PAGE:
There is a reason the table bearing the Supper looks like the one you see in your home every day.

The church is not marketing herself to anyone

As a millennial who has benefited greatly from the wisdom and experience of the older, faithful believers in church, I love to see other millennials resisting the “cater to the young” church-growth tactic.
The church is not marketing herself to anyone.  She is not accountable to the powers and trends of this world.  She is accountable to her Husband and King, Jesus Christ.
We don’t go to church to hang out, although there certainly is grace in fellowship.  We go to worship a risen Lord, a mighty Savior.

But if anything is misunderstood here, it’s not hipsters. It’s the Church. The true Church will keep right on doing what she’s been doing for thousands of years–preaching the Gospel, teaching the faith, administering the Sacraments–whether you try to change things or not. She’ll do her forgiveness thing, and she’ll be good at it. 

And in the meantime, we’ll just be here . . . being silly. The variable is us. Will we ever stop fretting about change and numbers and youth and AGH! long enough to sit back in the pew, forget about what time brunch at the country club starts, and simply receive what God has to give? We ought to. We better. 

The Lord knows what He’s doing. The Church is His. He will safeguard it, guide it, and do with it as He sees fit. So let’s lay off all the unnecessary and silly little fixes, shall we? Instead, let’s go to the spa or Applebee’s, have ourselves a pedicure or a beer, and revel in what our Lord does well . . . because there’s a lot of it.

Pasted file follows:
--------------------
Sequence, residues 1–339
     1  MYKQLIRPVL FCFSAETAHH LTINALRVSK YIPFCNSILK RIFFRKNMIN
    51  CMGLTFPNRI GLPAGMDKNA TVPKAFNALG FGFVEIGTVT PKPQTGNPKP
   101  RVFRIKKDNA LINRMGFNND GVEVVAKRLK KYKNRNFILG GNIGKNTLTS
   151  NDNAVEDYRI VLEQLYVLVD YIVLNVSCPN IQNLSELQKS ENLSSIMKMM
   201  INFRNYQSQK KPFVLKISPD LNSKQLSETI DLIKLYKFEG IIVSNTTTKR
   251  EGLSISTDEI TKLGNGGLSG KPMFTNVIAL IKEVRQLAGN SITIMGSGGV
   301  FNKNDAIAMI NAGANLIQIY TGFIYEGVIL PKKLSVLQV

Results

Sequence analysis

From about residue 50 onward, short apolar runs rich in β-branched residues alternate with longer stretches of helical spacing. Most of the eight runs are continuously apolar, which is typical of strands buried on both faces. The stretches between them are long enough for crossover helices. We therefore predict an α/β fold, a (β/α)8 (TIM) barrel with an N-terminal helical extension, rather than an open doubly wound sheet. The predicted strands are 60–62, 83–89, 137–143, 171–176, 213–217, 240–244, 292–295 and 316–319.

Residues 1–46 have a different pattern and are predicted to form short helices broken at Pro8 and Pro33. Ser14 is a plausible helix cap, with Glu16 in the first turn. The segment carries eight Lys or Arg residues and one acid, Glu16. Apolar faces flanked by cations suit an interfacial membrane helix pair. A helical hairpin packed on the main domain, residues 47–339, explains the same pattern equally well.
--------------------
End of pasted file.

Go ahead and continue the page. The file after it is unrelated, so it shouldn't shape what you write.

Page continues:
All of it, really.
You coming?
A Concerned Millenial

The week in review.

You’ll have to bear with me, I am still doing my best to work out what type of format I’d like to take moving forward.  I do enjoy a good rundown, so here’s mine:
Beautiful Eulogy – “Beautiful Eulogy
I’ve been listening to this album since their album was released in 2012, but you’d still be hard pressed to find a clearer presentation of the Gospel in hip-hop than Beautiful Eulogy, namely in the song bearing the name of the group.  
My favorite line: “How sweet the Gospel sounds to ears like mine, well acquainted with pain and strained relationships.”

From The Aquila Report, an article entitled

My Story: From Reformed Worship to Anglicanism and Back Again

My wife and I recently transitioned from an Acts 29 church to a PCA congregation, having been convicted of having our son baptized and the importance of liturgical, simple worship.  I do hope to write at length on the topic soon, but haven’t found the time.  Aside from the anecdotal side note, I found the above article to be illuminating and profitable to show how important corporate worship has been from the New Testament to the Reformation to today.
And now… another response to Rachel Held Evans…
Just kidding.
PS: I do have the ambition to write about my recent trip with my pastor to our presbytery meeting and a few other topics.  With a week off looming in the near future it just may happen!